Pershing County libero Michelle Montes had 33 digs. Araceli Jimenez had 18 kills, and Alyssa Holland had 37 assists for Pershing County.
Whittell outlasts Lincoln County
Apparently, Lynx have nine lives, too.
Unfortunately for Lincoln County’s girls volleyball team, its ninth ran out in the fifth game of a marathon match against Whittell in the state semifinals Friday at Silverado.
Lincoln County fought off four match points in the third game, another one in the fourth game and nearly overcame a 5-0 deficit in the decisive game. In the end, the six-time defending-Class 2A champion Warriors pulled out a 25-17, 25-18, 24-26, 26-28, 15-10 win and set up a date in Saturday’s final against The Meadows.
“We made a good comeback,” Lincoln County coach Ken Thornock said. “We kept fighting, and we showed a lot of courage.”
Almost nothing went right for the Lynx in the first two games, when they registered a total of just seven kills. Poor passing gave Lincoln County almost no chance to win early. The Lynx couldn’t get any offensive rhythm.
“We didn’t pass really well,” Thornock said.
But down 24-21 in third game, the Lynx got a kill from Erika Wilkin, three consecutive errors by the Warriors and an ace to begin to work their way back into the match.
 
“A lot of teams would have given up,” Thornock said. “We fought every point.”
Whittell rattled off the first five points of the fifth game — three on Lincoln County errors — and never allowed the Lynx to get closer than two points down. The match ended on a Lincoln County serve into the net.
 
Marissa Smerek had 11 kills and 16 digs for Lincoln County. Michelle Wheatley added seven kills and 16 digs.
Also for the Lynx, Kori Gloeckner had 10 assists and 13 digs, and Kelbee Cheeney added 11 assists and 11 digs.
Isabel Concha-Foley paced Whittell’s offense with 27 kills. Darby Reeder added 16 kills and 17 digs. Austyn Herrera dished out 50 assists, and Rachel Laub added 19 digs for the Warriors.
Class 3A
Yerington gets one more shot at Truckee
Yerington’s girls volleyball team is 0-for-3 against rival-Truckee this season.
The Lions will get another chance to knock off the Wolverines in a big way Saturday.
Makenna Lommori had 16 assists, eight kills and four blocks to lead Yerington (29-5) to a 25-16, 25-7, 25-15 sweep of Boulder City in a Class 3A state semifinal Friday at Silverado.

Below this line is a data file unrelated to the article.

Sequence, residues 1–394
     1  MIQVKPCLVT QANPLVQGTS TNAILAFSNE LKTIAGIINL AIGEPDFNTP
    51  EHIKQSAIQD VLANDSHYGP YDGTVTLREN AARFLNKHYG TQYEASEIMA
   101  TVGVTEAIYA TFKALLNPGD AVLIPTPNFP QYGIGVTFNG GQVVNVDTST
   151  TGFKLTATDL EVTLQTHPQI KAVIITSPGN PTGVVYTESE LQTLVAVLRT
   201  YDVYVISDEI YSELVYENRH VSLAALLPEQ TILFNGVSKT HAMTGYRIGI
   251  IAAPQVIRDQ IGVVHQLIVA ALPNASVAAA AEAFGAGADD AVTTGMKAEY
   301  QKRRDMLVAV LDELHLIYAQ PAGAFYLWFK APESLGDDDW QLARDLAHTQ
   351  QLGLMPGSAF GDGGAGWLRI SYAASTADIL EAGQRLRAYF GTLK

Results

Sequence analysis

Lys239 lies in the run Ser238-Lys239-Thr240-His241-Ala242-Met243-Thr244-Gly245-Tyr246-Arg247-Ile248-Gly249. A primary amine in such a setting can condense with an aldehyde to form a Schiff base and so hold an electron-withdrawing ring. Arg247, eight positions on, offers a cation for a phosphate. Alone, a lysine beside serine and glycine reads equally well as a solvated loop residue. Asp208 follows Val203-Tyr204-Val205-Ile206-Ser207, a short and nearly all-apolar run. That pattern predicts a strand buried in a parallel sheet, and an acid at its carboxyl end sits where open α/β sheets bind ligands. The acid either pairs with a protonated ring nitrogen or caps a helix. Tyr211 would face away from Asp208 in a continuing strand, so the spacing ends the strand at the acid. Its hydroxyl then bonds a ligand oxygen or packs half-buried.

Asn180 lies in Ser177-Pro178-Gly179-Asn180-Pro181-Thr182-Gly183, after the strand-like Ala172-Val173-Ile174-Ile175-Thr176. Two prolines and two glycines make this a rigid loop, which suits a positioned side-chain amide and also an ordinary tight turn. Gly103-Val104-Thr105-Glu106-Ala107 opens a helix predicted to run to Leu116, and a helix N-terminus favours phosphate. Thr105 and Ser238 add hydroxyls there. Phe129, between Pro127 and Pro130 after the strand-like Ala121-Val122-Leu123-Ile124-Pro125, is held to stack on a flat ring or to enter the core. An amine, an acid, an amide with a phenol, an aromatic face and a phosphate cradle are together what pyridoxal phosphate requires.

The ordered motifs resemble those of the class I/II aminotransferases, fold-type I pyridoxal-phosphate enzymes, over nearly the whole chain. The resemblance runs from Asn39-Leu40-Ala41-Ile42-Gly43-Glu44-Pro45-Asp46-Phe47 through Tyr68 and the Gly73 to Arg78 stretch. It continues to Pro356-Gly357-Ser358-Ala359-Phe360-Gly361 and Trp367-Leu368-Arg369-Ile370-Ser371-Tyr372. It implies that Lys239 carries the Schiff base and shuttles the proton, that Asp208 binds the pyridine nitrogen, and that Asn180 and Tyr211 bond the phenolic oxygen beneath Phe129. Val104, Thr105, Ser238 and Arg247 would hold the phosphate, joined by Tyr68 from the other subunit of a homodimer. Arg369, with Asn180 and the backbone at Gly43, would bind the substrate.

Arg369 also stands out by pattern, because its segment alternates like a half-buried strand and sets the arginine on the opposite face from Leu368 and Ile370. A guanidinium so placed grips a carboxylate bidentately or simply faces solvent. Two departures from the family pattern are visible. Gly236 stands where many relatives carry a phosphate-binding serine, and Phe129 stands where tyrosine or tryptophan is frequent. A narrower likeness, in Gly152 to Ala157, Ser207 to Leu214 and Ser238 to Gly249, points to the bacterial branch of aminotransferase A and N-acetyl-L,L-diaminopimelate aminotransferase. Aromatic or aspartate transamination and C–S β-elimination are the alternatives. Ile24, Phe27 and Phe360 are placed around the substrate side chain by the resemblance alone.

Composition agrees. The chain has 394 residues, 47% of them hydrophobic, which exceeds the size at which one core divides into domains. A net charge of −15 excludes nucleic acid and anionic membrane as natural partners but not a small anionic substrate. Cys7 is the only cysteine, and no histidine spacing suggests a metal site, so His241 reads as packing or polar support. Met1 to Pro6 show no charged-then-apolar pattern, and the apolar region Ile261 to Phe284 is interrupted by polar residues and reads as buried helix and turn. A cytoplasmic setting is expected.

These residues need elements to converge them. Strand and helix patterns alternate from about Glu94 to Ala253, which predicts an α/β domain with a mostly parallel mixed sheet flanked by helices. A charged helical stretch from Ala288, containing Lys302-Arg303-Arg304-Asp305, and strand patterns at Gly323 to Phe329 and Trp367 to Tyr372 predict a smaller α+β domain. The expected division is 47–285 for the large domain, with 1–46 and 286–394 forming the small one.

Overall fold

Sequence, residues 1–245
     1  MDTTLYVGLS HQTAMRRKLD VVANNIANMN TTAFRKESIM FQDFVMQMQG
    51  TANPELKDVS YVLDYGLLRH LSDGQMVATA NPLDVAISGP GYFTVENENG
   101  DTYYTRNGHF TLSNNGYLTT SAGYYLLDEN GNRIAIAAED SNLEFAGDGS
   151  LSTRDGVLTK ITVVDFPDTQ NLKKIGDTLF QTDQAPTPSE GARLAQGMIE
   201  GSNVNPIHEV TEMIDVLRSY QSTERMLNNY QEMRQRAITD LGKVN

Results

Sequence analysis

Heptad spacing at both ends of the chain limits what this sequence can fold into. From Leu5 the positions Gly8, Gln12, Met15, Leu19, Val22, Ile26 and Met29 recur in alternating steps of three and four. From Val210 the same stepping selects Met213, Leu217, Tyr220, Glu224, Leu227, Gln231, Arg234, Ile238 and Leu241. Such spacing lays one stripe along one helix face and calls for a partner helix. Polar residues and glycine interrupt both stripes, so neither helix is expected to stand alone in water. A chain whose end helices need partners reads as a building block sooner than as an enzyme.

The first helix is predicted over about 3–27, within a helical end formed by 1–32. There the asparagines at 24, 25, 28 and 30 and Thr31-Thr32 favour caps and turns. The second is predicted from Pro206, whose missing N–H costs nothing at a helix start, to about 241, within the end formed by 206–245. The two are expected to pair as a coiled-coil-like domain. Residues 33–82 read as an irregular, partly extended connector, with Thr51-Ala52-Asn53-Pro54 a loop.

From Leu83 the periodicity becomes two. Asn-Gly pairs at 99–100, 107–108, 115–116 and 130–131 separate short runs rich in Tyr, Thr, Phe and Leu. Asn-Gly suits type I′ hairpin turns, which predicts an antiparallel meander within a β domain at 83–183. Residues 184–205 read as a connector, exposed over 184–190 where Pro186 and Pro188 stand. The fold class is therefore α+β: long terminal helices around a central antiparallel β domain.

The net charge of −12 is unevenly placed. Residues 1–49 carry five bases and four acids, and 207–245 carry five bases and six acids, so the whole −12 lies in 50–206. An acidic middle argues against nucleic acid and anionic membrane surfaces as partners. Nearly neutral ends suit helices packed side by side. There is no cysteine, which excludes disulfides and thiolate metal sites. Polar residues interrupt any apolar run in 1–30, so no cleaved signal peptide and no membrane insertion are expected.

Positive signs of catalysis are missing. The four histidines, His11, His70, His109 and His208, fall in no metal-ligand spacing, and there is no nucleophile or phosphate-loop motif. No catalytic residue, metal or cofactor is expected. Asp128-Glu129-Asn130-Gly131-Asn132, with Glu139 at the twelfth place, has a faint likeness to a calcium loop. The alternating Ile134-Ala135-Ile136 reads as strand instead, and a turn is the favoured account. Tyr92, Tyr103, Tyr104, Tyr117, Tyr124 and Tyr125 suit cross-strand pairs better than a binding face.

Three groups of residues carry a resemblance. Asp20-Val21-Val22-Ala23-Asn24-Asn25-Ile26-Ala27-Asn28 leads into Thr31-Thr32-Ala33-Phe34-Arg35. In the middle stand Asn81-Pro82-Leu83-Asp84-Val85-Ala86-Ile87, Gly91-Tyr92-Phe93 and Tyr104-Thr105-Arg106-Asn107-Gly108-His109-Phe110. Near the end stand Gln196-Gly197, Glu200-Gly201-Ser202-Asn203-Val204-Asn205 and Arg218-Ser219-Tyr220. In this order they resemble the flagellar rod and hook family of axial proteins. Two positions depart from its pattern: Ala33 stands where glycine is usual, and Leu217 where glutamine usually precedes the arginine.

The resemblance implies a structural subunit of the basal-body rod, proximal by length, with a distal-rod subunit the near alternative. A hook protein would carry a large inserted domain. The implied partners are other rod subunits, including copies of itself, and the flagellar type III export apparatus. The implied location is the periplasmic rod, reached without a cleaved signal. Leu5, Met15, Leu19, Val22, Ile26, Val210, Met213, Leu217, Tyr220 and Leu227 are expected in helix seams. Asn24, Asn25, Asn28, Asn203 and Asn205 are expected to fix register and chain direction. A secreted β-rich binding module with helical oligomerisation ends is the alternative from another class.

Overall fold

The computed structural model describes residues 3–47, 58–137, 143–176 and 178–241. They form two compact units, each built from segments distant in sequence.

The three-time defending-state champion Lions will meet Truckee (22-1) for the state title at 2 p.m. Saturday. It’s the third straight season the teams have met for the championship.
Brooke Aiazzi had eight digs and four kills for Yerington, which was never seriously threatened. At one point in the second game, the Lions led 23-4.
“We didn’t come to play tonight,” Boulder City coach Cherise Roe said. “The girls just couldn’t get the momentum on their side.
“I knew Yerington would be a strong team, but I expected to have a better showing than we did.”
Lyzette Aguilar had 10 digs for Yerington. Taylor Thomas and Alexandra Roberts added four kills each.
Paxton Fleming dished out 12 assists for Boulder City (22-9). Kelsey Ripplinger had 16 digs, and Emily Boyster contributed three kills and three blocks.
 
Truckee sweeps Virgin Valley
Annie Reiswig and Merry Brown have been leading the way for Truckee all season.
So it was no surprise the duo carried the Wolverines into the 3A state final.
Reiswig and Brown had 13 kills each to lift Truckee to a 25-23, 25-10, 25-15 sweep of Virgin Valley (14-15) in a semifinal at Silverado.
Senior middle hitter Brown also had four aces.
Jillian Akers dished out 24 assists and Kaylee Waters had 11 digs for Truckee, which wasn’t seriously threatened in the second or third games.
The Wolverines jumped to an 11-3 lead in the second game and an 11-1 lead in the third.
“Our level of intensity dropped, but we didn’t quit,” Virgin Valley coach Lori Barnum said.
Virgin Valley’s Annie Biasi and Madison Bowler had six kills and two aces apiece.
Rachel Morris had five kills and Nikki Hafen added 13 assists for the Bulldogs, who will lose only two seniors to graduation.
“I thought that Truckee was more experienced in this arena than we were,” Barnum said.